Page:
November 4, 2018 at 10:25 pm #70918
I am new to the M&A universe which is why I’m taking this course, just to learn more about the process. During a recent discussion I was having at work someone asked me a question that I couldn’t answer with any sense of confidence. I’m wondering what are the primary concerns for the executives of a target company during due diligence period and beyond.
Looking forward to the different perspectives.December 6, 2018 at 12:06 am #73006
I opine the top concern is their future employment. With M&A the target executives often feel second-best, for they were bought. As well lack of knowledge of what is happening can lead to concern and even to behaviour that can jeopardize value. As such communication and openness is key to success.January 3, 2019 at 10:35 am #74585
In my opinion the role of management is always to maximise long term shareholder value. This is what should be at the forefront of the thinking constantly. In the way they run the company and even in the way they sell the company.
If an acquirer comes along with a proposal to buy the company its important that the management can well judge the likelihood of a transaction be consummated, this is critical as otherwise the target may spend fees on a transaction that will never happen and end up giving away some of their private information. In other to prevent the target’s time being wasted and to disincentivise not completing the transaction, the targets management can suggest a break up fee early in discussions.
If the acquirer is serious about the deal then the management of the target should be interested in getting the best deal possible for the company, whether than be in shares or cash.
Depending on the acquirer (private equity firm, competitor, strategic buyer) an acquisition may be an interesting and exciting time for a target company!
Happy to answer any question if you have any.
SeunMarch 25, 2019 at 3:09 pm #81907
According to my experience, primary concerns of the executives of the target company during due diligence and before closing are
1. keeping up the management committed to deliver business as usual results
2. retaining their employees who start understanding the company will be sold ( for the ones that are engaged to support the process of due diligence)
3. managing the extra workloadMarch 25, 2019 at 5:48 pm #81925
The theoretical top priorities of the executives of the target company should be (i) firstly providing as much information as possible during the DD process, (ii) secondly, once the operation has taken place ensure a smooth transition.
However, this theoretical approach can be left apart if their personal interests and/or ambition prevails over the interests of the shareholders. It’s quite naïve, to think that a great number of executives will act selfishly during all stages at it is usually the nature of human beings.March 29, 2019 at 4:13 am #82120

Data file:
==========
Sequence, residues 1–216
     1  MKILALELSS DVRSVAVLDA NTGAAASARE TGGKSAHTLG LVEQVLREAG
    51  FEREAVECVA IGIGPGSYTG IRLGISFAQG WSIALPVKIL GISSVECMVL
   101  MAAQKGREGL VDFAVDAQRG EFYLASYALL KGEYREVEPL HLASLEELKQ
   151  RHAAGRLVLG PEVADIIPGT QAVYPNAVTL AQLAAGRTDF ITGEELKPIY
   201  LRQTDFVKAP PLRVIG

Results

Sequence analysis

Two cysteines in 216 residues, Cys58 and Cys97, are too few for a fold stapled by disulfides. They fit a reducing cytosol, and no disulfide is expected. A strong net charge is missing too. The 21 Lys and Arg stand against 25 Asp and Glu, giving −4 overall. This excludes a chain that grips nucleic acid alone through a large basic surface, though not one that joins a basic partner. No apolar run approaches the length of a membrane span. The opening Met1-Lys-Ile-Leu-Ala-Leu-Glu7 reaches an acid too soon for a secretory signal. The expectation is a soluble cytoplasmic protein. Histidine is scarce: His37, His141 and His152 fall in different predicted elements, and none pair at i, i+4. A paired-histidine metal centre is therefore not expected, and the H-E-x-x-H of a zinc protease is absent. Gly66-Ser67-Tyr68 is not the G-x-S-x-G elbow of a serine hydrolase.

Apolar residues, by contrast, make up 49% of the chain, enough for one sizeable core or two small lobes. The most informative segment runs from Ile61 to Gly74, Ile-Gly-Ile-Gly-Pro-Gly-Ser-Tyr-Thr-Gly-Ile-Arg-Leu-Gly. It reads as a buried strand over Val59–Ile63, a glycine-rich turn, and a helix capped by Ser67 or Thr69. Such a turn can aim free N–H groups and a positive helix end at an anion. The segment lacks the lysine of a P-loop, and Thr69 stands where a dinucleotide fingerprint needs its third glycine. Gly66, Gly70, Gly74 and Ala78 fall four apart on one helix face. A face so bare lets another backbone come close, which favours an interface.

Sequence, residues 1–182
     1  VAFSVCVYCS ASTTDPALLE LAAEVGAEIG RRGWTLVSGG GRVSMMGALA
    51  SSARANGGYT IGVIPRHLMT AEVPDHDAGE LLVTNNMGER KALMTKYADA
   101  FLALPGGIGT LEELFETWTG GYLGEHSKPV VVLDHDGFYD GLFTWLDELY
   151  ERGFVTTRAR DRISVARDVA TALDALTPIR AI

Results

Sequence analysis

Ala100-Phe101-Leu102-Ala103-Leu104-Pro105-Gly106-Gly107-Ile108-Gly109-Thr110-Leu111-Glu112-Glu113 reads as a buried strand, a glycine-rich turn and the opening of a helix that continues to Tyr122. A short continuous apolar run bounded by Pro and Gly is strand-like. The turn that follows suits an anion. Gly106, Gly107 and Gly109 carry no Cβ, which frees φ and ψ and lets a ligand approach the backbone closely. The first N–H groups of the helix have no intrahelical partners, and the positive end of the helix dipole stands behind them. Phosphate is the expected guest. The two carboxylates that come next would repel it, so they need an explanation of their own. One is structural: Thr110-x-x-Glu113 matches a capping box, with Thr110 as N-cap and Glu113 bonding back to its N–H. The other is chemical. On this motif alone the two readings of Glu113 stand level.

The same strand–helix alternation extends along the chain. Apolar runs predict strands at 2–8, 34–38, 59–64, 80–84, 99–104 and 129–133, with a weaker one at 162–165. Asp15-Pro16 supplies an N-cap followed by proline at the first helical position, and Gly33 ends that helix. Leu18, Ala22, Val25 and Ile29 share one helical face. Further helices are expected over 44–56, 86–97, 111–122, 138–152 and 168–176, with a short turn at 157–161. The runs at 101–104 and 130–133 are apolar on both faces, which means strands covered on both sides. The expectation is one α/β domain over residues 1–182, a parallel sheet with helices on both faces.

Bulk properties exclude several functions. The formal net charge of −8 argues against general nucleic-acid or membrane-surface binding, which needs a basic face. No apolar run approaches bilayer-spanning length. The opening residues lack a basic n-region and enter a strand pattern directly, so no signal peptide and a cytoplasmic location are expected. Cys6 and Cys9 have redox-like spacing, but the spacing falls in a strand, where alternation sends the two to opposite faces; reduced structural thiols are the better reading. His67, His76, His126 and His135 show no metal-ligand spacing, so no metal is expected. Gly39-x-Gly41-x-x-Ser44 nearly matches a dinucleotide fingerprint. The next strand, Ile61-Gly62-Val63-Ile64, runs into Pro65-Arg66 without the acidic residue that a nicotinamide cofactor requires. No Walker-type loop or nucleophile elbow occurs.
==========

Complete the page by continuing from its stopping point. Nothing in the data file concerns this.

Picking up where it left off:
In my experience, executives tend to voice concerns mainly surrounding relationships and continuity of the company. In particular they are often concerned with (i) continuity of relationships with suppliers and key customers, (ii) continued employment of employees without loss of benefits and (iii) maximizing value to shareholders in the acquisition.April 2, 2019 at 1:52 am #82357
In my experience, its a case by case bases, but in acqusitions, usually the main concern is employees. The executives are going to get paid out or ask to come aboard, and they want to make sure there employees and teammates are going to be fine after the acquisition. This could dictated whether the company is absorbed into the the acquiring company, like American Airlines and US Airways, or will operate as separate companies, like Zappos and Amazon , where they operate as 2 different companies but owned by one.
The second concern is most likely shareholder value. They want to make sure the they get top dollar for there company. In a lot cases executives are put in place by investors to make sure that very much happens. that includes making sure revenue is grown and costs are maintained so that when an offers made they could justify there value.April 2, 2019 at 8:34 am #82380
Jeroen van der BruggeParticipant
In family-businesses I also see the need to know what happens with their company. It is a legacy thing. If you have build the organisation from scratch, and you feel that organic growth has reached its limits, you will be open to other options (like being acquired). But many feel it would be hard to see the identity of the company you build lost. So I also see that as an issue for the target company.April 17, 2019 at 9:23 am #83305
In my experience, I see their role as (a) stabilising workforce and operations during transition, (b) maximising shareholder value and (c) cooperating and collaborating to see the transaction through to completionJune 2, 2020 at 8:06 pm #110533
I feel that a top concern in any target would be 1) potential future earnings, 2) cultural fit 3) will the target increase and enhance synergies. There are a myriad of factors that executives look into, however I feel that these are 3 key tranches that relates to the biggest decisions to be made. The goal of any merger is to have a clear and succinct pathway to optimization. I feel that these buckets include those goals very well.
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